For (n):(n+3), I haven’t quite gotten it, but it appears that it involves drawing a diameter of symmetry and matching next smallest arcs across it as with :(n+1) and :(n+2), and selecting the next set by going around the circle a number of arcs from the previous chosen arc (for square vs. heptagon, 2; for pentagon vs. octagon, 6; for octagon vs. hendecagon, 10… but I cannot figure out why for the heptagon vs. decagon it begins as one thing and then changes to another: starts 4 then when it runs out of those that work, switches to 3). Also I can’t tell why it starts where it starts.
Ultimately what these patterns reveal is that the symmetry I sought to avoid can be further and further obscured, but never escaped. Whatever pattern two staggered n-gons in a ring produce in one half, one way or another get undone in reverse in the next half.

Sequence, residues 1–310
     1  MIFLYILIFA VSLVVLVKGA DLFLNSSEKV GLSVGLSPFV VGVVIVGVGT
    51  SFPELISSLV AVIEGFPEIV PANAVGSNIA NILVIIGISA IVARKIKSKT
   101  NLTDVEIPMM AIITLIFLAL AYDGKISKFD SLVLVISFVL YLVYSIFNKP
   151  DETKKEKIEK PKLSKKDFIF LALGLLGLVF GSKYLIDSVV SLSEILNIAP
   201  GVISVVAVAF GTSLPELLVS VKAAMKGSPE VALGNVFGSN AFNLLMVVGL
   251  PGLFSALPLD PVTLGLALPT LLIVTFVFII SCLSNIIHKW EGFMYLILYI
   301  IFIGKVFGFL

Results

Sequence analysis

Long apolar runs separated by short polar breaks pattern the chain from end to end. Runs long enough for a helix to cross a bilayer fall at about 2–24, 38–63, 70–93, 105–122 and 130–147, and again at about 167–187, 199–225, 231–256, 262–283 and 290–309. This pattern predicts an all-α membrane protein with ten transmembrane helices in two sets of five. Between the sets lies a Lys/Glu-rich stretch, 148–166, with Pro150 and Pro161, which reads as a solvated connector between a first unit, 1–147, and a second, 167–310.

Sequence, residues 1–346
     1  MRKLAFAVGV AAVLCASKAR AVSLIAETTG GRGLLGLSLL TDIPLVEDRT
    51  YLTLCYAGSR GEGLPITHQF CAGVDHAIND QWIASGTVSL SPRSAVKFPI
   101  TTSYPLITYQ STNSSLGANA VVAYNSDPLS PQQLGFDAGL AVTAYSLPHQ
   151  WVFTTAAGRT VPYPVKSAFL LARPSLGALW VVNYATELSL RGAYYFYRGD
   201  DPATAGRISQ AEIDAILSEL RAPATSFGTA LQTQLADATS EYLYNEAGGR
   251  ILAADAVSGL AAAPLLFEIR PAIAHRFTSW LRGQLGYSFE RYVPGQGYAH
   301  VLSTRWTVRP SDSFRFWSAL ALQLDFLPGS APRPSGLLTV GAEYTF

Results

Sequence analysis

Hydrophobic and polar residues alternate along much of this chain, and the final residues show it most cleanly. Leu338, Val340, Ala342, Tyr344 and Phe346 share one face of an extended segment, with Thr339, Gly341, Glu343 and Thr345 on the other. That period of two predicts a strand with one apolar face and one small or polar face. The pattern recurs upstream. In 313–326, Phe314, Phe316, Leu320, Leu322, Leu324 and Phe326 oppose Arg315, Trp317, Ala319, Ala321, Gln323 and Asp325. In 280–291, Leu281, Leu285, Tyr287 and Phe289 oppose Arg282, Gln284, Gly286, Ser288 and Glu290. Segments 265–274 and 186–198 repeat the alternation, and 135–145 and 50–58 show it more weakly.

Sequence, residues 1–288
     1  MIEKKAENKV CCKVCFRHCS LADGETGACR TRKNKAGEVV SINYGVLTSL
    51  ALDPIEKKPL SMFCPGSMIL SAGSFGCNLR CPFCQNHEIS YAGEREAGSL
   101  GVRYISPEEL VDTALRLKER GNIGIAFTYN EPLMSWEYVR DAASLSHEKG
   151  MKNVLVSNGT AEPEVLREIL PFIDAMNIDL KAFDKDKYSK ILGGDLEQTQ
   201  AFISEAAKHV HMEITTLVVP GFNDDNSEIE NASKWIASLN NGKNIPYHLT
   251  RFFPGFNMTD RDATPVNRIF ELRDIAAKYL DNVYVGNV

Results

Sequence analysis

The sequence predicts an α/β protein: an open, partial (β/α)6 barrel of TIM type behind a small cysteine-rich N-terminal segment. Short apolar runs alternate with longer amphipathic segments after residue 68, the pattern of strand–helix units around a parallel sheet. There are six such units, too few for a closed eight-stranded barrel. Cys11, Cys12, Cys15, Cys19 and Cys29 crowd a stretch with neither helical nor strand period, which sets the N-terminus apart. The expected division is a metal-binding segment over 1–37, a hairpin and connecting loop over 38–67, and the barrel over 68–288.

Regarding staggering more than two n-gons together: it’s way too much for me to explore here. I started staggering a pentagon against a random established triangle against square staggering, but it was like every degree or couple of degrees there was a new way that two arcs were the same or two vertices intersected. Since I could not find a triangle against square staggering which is particularly beautiful, I don’t even know that the I one I chose was the most appropriate one to be exploring, so I gave up for now.